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Friday, 16 May 2008

SHOWCASE REVIEW: Stephen Hart

Frank Feels Full of Himself - Carved and polychromed timber - 200x66x30cm - 2008

Giacommetti in wood.

Standing alone, a stretched figure, elongated to virtual anonymity. A Gicaommetti in wood, a shimmering man on the horizon, seen through squinted eyes. Yet, he has a name - 'Frank'. 'F' for 'Frank' so you can't forget - I am the slim man, I am the blue man, I am the hollow man, I am the every man, I am the man in 'The ballad of a thin man'.

Stephen's 'Frank' man resonates with the voices of Modernity. From Chaplin's little Charlie to Bob Dylan's song and dance man. A 'Woody Allen' in films like 'Sleeper' or Jacques Tati's Monsieur Hulot battling against technology. The struggle of men against the powers of technology, as in Fritz Lang's Metropolis or George Orwell's 1984. The message is a simple but clear reminder of the de-humanising nature of technology. Today it's the Internet, faceless facebook, Myspace and the myriad endless online nature of self promotion and subsequent narrowing of the soul.

What's cool about 'Frank's' Stephen is his sense of humour. Against all the odds of dehumanising, isolation and narrowing of the soul, 'Frank' survives - he might be a bit worse for wear but he's not alone - there are many 'Franks'. Grid like and boxed, looking a bit like the characters in Brack's, 'Collins Street 5pm', but I think, 'Franks' okay - even though he has a tendency to look into his own belly occasionally.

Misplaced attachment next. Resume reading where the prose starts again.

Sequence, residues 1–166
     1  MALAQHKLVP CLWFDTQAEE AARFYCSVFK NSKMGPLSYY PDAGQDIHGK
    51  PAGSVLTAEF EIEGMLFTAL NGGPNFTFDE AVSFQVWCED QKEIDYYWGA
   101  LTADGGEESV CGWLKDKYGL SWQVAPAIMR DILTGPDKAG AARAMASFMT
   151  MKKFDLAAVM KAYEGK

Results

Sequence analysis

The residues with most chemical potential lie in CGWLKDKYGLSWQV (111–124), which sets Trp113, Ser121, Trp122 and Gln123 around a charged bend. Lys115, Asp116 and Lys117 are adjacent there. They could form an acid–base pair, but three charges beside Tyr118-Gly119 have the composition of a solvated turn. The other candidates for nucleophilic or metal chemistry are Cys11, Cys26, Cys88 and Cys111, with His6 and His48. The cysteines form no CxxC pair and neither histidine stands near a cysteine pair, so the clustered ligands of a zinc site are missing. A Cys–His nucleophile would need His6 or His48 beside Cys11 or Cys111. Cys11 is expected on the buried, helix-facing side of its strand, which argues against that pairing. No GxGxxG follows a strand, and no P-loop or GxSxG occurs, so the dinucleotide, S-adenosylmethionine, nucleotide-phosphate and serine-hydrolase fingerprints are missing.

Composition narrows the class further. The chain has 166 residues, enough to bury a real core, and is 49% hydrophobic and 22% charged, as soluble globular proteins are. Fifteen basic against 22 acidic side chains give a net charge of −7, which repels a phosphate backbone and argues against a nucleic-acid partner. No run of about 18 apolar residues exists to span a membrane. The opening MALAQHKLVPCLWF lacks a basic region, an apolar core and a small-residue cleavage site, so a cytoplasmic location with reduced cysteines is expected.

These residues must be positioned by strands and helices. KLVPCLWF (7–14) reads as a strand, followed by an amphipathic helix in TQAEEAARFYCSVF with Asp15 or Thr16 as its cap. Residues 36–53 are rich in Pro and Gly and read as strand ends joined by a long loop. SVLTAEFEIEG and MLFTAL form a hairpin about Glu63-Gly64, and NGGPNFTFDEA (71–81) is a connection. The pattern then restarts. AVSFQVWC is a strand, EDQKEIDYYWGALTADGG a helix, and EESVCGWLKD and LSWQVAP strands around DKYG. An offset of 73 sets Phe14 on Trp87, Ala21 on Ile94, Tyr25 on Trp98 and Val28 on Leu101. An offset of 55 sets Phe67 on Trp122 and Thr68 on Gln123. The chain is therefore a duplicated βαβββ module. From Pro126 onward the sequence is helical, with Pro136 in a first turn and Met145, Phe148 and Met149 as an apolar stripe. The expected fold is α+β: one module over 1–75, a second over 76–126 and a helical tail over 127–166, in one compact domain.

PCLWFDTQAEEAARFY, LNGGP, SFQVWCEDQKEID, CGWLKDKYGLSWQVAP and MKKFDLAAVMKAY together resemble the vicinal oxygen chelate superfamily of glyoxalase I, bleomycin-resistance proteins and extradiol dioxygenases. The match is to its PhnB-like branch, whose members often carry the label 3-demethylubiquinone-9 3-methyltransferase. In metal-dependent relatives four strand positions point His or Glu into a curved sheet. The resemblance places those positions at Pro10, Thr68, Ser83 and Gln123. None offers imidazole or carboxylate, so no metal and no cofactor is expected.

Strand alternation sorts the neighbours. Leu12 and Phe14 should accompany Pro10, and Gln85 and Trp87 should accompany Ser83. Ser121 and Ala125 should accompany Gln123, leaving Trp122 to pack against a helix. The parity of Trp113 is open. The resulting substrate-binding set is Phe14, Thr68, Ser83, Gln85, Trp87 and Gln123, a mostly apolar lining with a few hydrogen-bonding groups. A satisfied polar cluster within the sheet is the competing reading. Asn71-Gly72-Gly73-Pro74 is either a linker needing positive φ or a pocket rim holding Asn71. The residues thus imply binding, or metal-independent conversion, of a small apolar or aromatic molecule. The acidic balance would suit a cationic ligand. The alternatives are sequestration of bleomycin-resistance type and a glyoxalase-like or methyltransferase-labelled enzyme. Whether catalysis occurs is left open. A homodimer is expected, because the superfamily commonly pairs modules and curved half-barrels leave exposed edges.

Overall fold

Frank's Doubt - Carved and polychromed timber - 90.5x23x6 - 2008

So, to me it is Stephens sense of humour that sings hope in the 'Frank' exhibition - I mean seriously, two 'Franks' attached by a spring, on wheels, facing each other like some sort of inverse "push-me, pull-you" - this is fun, quirky and one of the reasons I have liked art since being a child. There is no highfalutin art speaksy here - even the gallery notes on Stephen and his Frank show are written in a rational and non-esoteric way, which is refreshing. But the message is relevant and profound and the expression in wood, paint and other materials has a folk art/craft feel to it. I enjoyed Stephens work because it quickly strikes a chord with me and doesn't preach condescendingly - this is work about the real world, spoken in identifiable terms with a dash of humour and hope.


Frank's Moving Conversation - Carved and polychromed timber - 163.5x100x20.5cm - 2008

Stephen Hart currently has a show at Jan Manton's art gallery at South Brisbane until the 24th of May. More examples of his artwork from his current exhibition can be seen here.

Images are used by permission from Jan Mantons Art Gallery. Recently when visiting QAG and GOMA, I have taken the opportunity to visit this gallery which is just over the road. Jan and Kitty are very friendly and welcoming and it's well worth the extra walk to check out whatever is playing in their gallery - the diversity of work and calibre of artist presented there are of a high level.

2 comments:

  1. They do seem rather empty, these little blue people. Comments on "the human condition" that leave me vaguely annoyed and overcome with a desire to smash it all into splinters of Klein blue and drown it with Wagner's "Ride of the Valkeries" like Coppola did it in Apocalypse Now.
    Ta da da dahhh da - Ta da da dahhh da - ta da da dahhh da - ta dah dah dahhhh - ta ta dah dah dah...

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  2. That's the spirit Roger. It's funny I thought of Klein blue as well - we must be artwashed.

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